How To Use This Site

How To Use This Site

This blog was updated on a daily basis for about two years, with those daily entries ceasing on December 31, 2013. The blog is still active, however, and we hope that people stopping in, who find something lacking, will add to the daily entries.

The blog still receives new posts as well, but now it receives them on items of Wyoming history. That has always been a feature of the blog, but Wyoming's history is rich and there are many items that are not fully covered here, if covered at all. Over time, we hope to remedy that.

You can obtain an entire month's listings by hitting on the appropriate month below, or an individual day by hitting on that calendar date.
Use 2013 for the search date, as that's the day regular dates were established and fixed.

Alternatively, the months are listed immediately below, with the individual days appearing backwards (oldest first).

We hope you enjoy this site.

Friday, January 18, 2013

January 18

1890  The editor of the Rawlins newspaper said unmarried men should be taxed $2.50.  Attribution. Wyoming State Historical Society.

1890  The U.S. Senate Committee on Territories recommended a bill to the Senate to make Wyoming a state.  Attribution:  Wyoming State Historical Society.

1903   President Theodore Roosevelt sends a radio message to King Edward VII: the first transatlantic radio transmission originating in the United States.

1910  The Casper newspaper reported on the relief of a stranded passenger train attempting to go from Lander Wyoming to Casper Wyoming.   The train became stranded for two days on the prairie where it remained until Saturday, January 16 when it was dug out and backed down the railway to Lander.

1916   Secretary of War Newton D. Baker informs Maj. Gen Frederick Funston that the US withdrawing from Mexico.
The caption says it all.

Newton D. Baker.
Frederick Funston.

Well, I suppose it might not if you don't know  who Frederick Funston was.  He was the commander of American forces in the Southwest and in overall  charge of the forces then in Mexico, contrary to it being John Pershing, whom people typically imagine to have been in overall charge.  Pershing was the commander in the field, and Funston was his superior.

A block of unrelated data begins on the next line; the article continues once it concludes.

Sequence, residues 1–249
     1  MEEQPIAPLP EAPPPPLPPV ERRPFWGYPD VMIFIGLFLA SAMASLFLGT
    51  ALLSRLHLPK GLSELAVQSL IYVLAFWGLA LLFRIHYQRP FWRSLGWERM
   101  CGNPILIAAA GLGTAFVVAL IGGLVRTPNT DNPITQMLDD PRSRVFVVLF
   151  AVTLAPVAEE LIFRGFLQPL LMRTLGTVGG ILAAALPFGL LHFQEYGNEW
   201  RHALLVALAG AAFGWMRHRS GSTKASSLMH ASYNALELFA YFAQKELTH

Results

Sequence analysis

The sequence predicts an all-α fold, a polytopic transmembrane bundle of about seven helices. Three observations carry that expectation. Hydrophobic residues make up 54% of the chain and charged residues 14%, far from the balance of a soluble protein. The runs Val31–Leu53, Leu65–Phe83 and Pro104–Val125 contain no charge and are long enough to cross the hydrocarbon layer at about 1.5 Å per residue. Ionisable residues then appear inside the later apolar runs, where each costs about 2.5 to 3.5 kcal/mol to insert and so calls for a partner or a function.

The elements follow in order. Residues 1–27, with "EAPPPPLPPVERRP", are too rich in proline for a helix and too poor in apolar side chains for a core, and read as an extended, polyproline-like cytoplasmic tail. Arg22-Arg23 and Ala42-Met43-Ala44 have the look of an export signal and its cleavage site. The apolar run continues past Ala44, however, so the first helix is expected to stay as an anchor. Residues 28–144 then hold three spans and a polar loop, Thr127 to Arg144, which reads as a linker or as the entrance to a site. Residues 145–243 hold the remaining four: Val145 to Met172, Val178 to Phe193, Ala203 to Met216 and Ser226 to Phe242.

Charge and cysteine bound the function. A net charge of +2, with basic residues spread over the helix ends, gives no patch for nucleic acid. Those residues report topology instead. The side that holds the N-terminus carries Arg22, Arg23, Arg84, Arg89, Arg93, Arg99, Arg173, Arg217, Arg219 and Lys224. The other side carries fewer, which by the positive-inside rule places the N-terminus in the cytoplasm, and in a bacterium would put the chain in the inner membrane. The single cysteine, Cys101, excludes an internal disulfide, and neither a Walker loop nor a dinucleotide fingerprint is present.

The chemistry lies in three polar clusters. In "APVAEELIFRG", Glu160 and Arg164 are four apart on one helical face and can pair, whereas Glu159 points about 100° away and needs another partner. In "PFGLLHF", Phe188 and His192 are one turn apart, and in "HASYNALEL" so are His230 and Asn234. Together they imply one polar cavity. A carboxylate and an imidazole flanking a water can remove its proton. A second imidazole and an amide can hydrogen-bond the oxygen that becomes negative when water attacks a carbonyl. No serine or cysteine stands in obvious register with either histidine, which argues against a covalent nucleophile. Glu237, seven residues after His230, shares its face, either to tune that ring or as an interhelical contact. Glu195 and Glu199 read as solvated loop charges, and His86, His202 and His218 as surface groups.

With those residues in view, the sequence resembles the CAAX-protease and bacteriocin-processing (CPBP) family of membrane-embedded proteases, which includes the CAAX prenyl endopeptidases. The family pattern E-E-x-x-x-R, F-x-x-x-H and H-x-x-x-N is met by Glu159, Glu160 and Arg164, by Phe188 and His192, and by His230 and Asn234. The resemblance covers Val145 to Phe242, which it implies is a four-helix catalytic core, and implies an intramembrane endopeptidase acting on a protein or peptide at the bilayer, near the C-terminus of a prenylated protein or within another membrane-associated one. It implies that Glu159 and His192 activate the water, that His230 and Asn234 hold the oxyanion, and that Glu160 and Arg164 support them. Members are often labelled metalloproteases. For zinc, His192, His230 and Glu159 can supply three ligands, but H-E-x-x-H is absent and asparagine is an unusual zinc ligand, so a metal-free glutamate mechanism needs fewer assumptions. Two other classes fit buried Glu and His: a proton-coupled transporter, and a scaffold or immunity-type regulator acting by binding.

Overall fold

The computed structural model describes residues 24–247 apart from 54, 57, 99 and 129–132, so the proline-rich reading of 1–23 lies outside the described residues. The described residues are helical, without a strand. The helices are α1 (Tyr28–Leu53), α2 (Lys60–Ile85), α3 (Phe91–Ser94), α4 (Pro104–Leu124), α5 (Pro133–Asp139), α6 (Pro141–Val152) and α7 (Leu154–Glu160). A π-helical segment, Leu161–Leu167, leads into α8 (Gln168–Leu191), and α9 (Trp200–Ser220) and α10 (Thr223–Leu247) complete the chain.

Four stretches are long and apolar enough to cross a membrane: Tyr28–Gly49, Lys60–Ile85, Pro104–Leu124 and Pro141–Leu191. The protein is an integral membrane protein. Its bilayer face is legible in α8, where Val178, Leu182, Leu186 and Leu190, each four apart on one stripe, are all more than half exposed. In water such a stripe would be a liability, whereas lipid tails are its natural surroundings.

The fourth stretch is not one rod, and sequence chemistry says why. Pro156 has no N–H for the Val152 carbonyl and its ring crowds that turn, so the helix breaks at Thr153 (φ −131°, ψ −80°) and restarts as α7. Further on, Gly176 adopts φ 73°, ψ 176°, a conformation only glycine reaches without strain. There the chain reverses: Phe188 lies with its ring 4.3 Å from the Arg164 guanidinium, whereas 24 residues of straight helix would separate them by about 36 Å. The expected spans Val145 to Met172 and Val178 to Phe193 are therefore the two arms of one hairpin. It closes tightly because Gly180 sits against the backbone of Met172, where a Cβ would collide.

1918   Industry Stopped. The Industry Vacation of 1918
This week in 1918 the United States was day one into an ordered five day industry work stoppage east of the Mississippi, where most American industry was in fact located, something absolutely phenomenal for a nation at war.

The phenomenal move was brought about by a coal shortage and what that meant for food transportation and heating homes.  As American industry was coal fired the thought and hope was that a few days off would give the government time to address the crisis, which was indeed becoming a crisis.

So, as the country started to see some of its first casualties in Europe, the news at home wasn't exactly cheery.

1919   The USS Wyoming becomes the flagship of Rear Admiral Robert Coontz, Commander Battleship Division 7, Battle Squadron 3.  Attribution:  On This Day.

1919     The World War I peace conference opened in Versailles, France.

January 18, 1919. The Paris Peace Conference Commenced.

The work of the war was over, although the peace wasn't very peaceful by a long measure in many places.  Be that as it may, on this day in 1919, the Paris Peace Conference opened to commence the work on arriving at a formal peace.

In addition to the momentous story of the opening of the Paris Peace Conference, some other news was circulating as well, including the start of the news on the uneven treatment the National Guard, which had shouldered a heavy burden in the war, had received from the Regular Army.  It truly did, and indeed it continued to be slighted even into the peace, where the Regular Army, in its memory of the war in France, managed to omit the Guard as much as possible.

1924  Douglas bank closes in failure, part of a waive of bank failures.  Attribution:  Wyoming State Historical Society. 

1943  The sale of sliced bread banned in the US.  This was done in order to keep a demand for steel replacement parts for slicers down and because officials with the government had determined that sliced bread required a heavier wrapping.  The ban only remained in effect until March 8, when the government announced the anticipated materials savings had not been realized.

 A World War One bread conservation poster.

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